Now as an MH Fellow with YKA, she’s expanding her impressive scope of work further by launching a campaign to facilitate the process of ensuring better menstrual health and SRH services for women residing in correctional homes in West Bengal. The campaign will entail an independent study to take stalk of the present conditions of MHM in correctional homes across the state and use its findings to build public support and political will to take the necessary action.

Saurabh has been associated with YKA as a user and has consistently been writing on the issue MHM and its intersectionality with other issues in the society. Now as an MHM Fellow with YKA, he’s launched the Right to Period campaign, which aims to ensure proper execution of MHM guidelines in Delhi’s schools.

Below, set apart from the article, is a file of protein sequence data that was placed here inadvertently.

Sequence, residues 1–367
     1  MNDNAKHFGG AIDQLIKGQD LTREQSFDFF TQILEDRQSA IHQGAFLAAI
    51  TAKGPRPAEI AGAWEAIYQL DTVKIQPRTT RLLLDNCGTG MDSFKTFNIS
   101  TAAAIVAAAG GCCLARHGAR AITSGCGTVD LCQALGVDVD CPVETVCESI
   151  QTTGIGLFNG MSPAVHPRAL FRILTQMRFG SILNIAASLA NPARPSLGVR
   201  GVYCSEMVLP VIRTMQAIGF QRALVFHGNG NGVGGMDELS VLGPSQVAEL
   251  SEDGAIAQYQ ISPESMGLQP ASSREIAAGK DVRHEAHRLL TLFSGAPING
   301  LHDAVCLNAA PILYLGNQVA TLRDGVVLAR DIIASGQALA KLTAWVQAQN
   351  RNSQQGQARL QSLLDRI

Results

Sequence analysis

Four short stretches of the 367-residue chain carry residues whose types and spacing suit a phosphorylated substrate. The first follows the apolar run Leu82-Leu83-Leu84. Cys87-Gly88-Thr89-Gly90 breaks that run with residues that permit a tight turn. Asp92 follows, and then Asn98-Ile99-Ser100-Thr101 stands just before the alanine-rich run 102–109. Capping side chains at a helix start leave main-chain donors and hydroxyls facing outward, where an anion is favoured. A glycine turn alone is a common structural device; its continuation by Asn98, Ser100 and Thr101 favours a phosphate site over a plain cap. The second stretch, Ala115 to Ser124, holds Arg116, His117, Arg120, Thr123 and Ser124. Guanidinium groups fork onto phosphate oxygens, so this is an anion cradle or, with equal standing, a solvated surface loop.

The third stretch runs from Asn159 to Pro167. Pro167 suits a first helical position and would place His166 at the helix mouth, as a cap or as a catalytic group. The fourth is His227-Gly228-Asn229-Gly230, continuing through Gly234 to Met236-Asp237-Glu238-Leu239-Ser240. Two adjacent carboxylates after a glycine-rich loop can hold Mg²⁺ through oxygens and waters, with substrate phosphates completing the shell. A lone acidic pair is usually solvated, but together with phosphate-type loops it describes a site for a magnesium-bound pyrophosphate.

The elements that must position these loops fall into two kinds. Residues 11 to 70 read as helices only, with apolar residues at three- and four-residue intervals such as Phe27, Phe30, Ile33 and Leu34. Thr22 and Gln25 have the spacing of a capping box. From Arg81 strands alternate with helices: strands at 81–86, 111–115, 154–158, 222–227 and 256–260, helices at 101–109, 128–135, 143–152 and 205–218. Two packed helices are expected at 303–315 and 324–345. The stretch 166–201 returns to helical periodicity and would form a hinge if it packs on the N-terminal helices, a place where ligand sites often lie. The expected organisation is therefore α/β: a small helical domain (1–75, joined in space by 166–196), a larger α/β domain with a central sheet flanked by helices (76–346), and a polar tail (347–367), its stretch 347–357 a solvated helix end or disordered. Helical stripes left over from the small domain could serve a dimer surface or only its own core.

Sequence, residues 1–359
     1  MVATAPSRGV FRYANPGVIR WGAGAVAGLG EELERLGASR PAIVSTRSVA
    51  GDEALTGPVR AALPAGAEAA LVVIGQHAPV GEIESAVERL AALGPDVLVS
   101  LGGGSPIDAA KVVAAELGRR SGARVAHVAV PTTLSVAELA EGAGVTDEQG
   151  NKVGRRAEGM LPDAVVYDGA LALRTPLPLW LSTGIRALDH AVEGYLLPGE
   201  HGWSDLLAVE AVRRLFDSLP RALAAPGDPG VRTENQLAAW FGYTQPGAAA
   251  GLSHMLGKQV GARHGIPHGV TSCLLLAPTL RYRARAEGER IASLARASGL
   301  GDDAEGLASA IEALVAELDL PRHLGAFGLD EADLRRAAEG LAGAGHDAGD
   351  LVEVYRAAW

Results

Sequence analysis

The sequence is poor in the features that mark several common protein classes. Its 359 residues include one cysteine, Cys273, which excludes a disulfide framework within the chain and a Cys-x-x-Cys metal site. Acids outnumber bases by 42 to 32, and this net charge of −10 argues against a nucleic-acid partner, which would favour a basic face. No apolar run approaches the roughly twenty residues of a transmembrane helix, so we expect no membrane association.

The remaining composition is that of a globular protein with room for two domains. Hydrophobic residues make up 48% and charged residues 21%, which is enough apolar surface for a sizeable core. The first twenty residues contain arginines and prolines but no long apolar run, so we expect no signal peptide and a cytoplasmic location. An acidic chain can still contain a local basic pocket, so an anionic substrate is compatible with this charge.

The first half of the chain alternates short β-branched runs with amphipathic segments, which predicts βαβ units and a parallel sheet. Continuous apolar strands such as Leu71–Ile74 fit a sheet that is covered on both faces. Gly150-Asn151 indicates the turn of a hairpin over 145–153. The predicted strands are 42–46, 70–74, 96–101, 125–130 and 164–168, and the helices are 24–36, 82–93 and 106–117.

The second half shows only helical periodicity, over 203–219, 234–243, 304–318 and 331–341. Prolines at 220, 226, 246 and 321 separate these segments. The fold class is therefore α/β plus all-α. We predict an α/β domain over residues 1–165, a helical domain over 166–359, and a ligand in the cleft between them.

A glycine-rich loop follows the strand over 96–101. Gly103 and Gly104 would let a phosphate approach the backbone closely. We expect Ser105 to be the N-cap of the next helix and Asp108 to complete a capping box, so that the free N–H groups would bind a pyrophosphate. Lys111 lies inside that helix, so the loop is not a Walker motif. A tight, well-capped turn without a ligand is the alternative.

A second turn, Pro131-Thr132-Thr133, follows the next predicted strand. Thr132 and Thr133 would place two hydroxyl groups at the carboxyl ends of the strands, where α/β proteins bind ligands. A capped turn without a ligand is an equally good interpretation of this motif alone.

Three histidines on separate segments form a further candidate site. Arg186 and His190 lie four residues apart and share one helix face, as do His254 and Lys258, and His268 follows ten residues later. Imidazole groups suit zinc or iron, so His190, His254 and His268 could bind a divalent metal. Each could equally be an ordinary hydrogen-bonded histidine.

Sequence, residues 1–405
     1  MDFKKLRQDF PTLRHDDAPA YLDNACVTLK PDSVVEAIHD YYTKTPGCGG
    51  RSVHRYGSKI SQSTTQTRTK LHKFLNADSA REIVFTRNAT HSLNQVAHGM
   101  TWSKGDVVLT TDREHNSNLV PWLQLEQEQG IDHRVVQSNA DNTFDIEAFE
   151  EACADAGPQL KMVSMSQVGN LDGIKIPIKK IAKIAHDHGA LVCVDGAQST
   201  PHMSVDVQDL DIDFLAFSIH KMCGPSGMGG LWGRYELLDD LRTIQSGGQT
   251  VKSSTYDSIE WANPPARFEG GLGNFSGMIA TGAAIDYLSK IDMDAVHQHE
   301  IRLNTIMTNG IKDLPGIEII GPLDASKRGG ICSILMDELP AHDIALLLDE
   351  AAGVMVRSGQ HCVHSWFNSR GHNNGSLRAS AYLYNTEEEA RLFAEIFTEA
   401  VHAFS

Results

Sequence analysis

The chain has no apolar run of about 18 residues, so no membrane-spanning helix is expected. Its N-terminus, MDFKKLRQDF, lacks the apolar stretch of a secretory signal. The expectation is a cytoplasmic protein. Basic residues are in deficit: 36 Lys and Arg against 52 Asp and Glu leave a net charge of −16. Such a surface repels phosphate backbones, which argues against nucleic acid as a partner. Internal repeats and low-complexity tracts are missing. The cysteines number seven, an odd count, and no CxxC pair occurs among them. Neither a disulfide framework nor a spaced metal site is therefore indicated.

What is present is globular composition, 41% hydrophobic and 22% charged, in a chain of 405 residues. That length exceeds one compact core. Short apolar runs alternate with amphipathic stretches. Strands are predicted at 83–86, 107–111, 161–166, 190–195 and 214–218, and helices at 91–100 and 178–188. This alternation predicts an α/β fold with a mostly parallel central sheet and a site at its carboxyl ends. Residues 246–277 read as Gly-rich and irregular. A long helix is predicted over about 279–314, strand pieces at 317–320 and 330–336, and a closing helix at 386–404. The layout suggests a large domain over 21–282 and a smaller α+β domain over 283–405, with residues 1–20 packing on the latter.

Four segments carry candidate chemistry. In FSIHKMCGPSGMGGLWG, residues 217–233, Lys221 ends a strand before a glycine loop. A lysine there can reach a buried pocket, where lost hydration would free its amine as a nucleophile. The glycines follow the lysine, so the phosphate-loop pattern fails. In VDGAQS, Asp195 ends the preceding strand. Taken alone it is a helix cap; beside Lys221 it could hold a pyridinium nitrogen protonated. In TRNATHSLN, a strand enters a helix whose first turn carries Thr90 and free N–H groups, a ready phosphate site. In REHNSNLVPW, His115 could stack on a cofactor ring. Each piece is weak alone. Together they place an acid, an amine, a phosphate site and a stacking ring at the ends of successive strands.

The long-term aim of the campaign is to develop an open culture where menstruation is not treated as a taboo. The campaign also seeks to hold the schools accountable for their responsibilities as an important component in the implementation of MHM policies by making adequate sanitation infrastructure and knowledge of MHM available in school premises.

Read more about his campaign.

Harshita is a psychologist and works to support people with mental health issues, particularly adolescents who are survivors of violence. Associated with the Azadi Foundation in UP, Harshita became an MHM Fellow with YKA, with the aim of promoting better menstrual health.

Her campaign #MeriMarzi aims to promote menstrual health and wellness, hygiene and facilities for female sex workers in UP. She says, “Knowledge about natural body processes is a very basic human right. And for individuals whose occupation is providing sexual services, it becomes even more important.”